The men of the ‘Postbrug’

And then the story of the men at the ‘Postbrug’. When the war begins – on 10 May 1940 – the 9th Regiment Infantery is located near Haarlem.

The regiment received orders to proceed via Oegstgeest to Valkenburg where the airfield was under attack from the air. Therefore motor coaches had to be requisitioned because the regiment did not have their own means of transport.

1-I-9 R.I in the snow, near Kraantje Lek, 18 Januari 1940.

Buses arrived from far and wide, assembling on the Dreef in the Haarlemmerhout. The first buses were reserved for the 1st Company; the first in line was No. 10 (an almost new A.S./Beijnes) which belonged to the International Motor Coach Line Leo Kors from Heemstede with the owner’s brother behind the wheel.

The convoy of buses departed in the early afternoon, travelling via Bennebroek, Hillegom and Sassenheim. There they stop at Café ‘De Uiver’ to collect Klaassens and Niemeijer. The men take leave of Hillechien, each in his own way. With the Company now complete, the convoy travels on, turning onto the main highway just beyond the Sikkens Factory. About 500 meters before reaching the Postbrug (where in earlier times horses hitched to post coaches were exchanged) at the border between Sassenheim and Oegstgeest, they pass by the 1st battalion of the 6th Artillery Regiment that will be taking a position at Castle Oud Poelgeest.

Air attack on the transport  

It was about 3 o’clock when the drone of airplane engines was first heard. These airplanes were surely Dutch weren’t they? But as machine guns began rattling, two German airplanes were spotted. Because it was impossible for the men to defend themselves using only small arms or field artillery, they had to run for cover behind the buses, seek shelter under the viaduct, or flee into the meadow. The horses start to panic and a team belonging to the 1st Battery go off at a gallop. When the 21-year-old Sergeant Christiaan Leonard van den Broek from Dordrecht tried to rein in the horses, he was dragged along before falling to the ground and was run over by the wagon. Two days later he was buried in the Groene Kerkje cemetery.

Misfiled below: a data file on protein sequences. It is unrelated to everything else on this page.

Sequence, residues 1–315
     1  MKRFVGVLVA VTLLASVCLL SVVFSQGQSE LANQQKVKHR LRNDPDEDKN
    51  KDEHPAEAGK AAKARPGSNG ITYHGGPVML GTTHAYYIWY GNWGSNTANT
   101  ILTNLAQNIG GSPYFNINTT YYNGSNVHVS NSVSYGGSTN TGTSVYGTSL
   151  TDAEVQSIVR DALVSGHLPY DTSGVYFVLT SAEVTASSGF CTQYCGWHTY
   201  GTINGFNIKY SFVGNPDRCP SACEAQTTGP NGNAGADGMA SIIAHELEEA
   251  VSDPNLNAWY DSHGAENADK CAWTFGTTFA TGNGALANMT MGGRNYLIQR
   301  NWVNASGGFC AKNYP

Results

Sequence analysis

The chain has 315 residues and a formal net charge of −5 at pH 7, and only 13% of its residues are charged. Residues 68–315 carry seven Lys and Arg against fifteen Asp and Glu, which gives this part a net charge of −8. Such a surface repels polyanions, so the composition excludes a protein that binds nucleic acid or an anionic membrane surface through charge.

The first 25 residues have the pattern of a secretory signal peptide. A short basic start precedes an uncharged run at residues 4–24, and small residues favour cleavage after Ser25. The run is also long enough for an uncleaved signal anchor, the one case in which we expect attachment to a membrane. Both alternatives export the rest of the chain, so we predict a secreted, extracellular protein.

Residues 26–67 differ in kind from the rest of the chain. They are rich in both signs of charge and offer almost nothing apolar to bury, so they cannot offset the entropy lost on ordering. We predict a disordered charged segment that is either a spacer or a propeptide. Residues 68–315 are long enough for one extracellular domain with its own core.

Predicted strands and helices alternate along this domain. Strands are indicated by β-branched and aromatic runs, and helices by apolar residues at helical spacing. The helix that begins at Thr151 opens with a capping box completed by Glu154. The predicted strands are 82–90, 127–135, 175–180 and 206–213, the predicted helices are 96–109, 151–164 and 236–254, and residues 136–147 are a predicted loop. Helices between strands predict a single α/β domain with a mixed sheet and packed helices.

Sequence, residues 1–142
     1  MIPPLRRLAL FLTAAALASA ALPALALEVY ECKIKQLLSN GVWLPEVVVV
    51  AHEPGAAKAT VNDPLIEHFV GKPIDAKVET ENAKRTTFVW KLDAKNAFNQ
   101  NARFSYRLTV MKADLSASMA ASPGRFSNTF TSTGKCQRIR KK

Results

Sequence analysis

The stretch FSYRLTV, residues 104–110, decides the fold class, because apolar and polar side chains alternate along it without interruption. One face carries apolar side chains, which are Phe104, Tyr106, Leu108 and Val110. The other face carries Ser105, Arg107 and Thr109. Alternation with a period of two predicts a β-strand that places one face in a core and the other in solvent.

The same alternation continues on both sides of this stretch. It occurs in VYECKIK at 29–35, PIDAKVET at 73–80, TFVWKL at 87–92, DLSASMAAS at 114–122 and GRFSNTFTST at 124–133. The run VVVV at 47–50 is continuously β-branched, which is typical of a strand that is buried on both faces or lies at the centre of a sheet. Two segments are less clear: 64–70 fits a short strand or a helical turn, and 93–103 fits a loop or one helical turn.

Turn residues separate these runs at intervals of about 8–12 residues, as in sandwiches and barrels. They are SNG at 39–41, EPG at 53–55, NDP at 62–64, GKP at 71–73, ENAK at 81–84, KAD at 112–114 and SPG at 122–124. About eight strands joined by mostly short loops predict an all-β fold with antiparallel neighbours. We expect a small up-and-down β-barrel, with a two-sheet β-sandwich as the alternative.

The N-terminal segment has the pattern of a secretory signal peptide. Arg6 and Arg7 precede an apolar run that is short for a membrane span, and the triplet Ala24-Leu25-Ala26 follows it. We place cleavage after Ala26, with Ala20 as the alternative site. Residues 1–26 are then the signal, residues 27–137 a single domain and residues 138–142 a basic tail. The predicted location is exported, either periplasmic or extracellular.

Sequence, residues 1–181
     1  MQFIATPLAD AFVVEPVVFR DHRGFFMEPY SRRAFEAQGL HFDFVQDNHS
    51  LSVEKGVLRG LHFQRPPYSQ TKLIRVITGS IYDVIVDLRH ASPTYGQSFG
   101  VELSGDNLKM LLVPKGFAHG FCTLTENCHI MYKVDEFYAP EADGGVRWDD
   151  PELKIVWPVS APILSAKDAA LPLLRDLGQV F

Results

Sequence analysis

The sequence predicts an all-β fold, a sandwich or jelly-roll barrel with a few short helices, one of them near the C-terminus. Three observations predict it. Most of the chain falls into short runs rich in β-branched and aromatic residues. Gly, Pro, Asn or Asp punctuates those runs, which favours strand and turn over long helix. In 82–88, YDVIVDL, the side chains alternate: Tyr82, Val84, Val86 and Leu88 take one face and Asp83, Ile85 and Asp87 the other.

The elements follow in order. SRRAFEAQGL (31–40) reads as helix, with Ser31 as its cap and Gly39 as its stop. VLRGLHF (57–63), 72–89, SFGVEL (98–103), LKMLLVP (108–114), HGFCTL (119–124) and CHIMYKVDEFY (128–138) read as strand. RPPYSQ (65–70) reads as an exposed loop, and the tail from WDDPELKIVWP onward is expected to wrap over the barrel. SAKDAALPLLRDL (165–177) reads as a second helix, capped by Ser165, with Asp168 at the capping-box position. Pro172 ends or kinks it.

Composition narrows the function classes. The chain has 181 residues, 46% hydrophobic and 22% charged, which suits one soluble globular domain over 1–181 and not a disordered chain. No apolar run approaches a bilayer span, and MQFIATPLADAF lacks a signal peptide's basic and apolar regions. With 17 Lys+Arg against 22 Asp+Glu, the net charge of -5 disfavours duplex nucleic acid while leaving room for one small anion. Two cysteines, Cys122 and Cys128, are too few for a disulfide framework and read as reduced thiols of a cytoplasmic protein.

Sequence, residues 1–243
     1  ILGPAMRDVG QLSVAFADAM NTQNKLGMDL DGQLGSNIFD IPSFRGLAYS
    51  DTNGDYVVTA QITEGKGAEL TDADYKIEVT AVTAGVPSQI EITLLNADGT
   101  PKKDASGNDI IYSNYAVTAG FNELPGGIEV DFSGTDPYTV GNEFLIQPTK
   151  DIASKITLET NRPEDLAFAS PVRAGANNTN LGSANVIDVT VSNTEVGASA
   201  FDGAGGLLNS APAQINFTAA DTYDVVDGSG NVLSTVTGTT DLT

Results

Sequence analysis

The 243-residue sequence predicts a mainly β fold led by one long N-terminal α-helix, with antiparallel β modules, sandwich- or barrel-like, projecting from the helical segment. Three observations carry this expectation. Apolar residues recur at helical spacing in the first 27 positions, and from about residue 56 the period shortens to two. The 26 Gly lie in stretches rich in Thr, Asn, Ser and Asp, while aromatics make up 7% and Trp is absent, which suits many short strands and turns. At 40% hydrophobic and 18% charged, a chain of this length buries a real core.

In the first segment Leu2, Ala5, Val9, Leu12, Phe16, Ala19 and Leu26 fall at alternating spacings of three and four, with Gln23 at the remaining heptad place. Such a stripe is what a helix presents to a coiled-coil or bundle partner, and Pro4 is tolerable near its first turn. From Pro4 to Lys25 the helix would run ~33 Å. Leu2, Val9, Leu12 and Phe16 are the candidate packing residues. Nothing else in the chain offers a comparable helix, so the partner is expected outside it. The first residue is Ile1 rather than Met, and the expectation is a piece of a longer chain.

The air attack was over but at the level of Endegeest one airplane turned around and headed back.  The burnt-out bus.

It dropped three bombs on the first bus, the first bomb hitting its target directly. The bus exploded in a fireball and some soldiers were killed immediately by bomb fragments. Others died when the cartridges which they were carrying exploded viciously, sounding like thunder. The flames completed the horrific event. Of the 24 men who died, 17 were killed instantaneously – including the bus driver – while seven men later died as from their wounds.

It proved impossible to identify 11 of the 17 bodies which were buried immediately in a mass grave – the bomb crater that had just been made near the Postbrug. One of these men was the 43-year-old driver Willem Marinus Kors. When the mortal remains of these victims were later transferred for burial in the Military Cemetery Grebbeberg in 1973, Kors would be the only civilian buried there.

Eleven men found a temporary common grave in a bombcrated at the ‘Verlengde Vinkenweg’.

Reburial at various locations

Transport-firm Van der Luyt brings seven wounded men to the Academic Hospital in Leiden, but all die shortly after arrival. Eleven men are buried at the ‘Groene Kerkje’ and two in their hometown Assen.

Later a tombstone was erectde on the common grave.

The mortal remains of nine of the 11 servicemen buried at the Groene Kerkje were transferred in 1970 and 1971 to various locations, in most cases to the Military Cemetery Grebbeberg.

In 1973, the graves at the ‘Postbrug’ are transferred to the Grebbeberg, without making distinction between the men. Bus-driver Kors is the only citizen on that honorary cemetery.

The common grave on a photograph after the war.


Gravestone of the eleven of the ‘Postbrug’, now on the Military Cemetary at the Grebbeberg.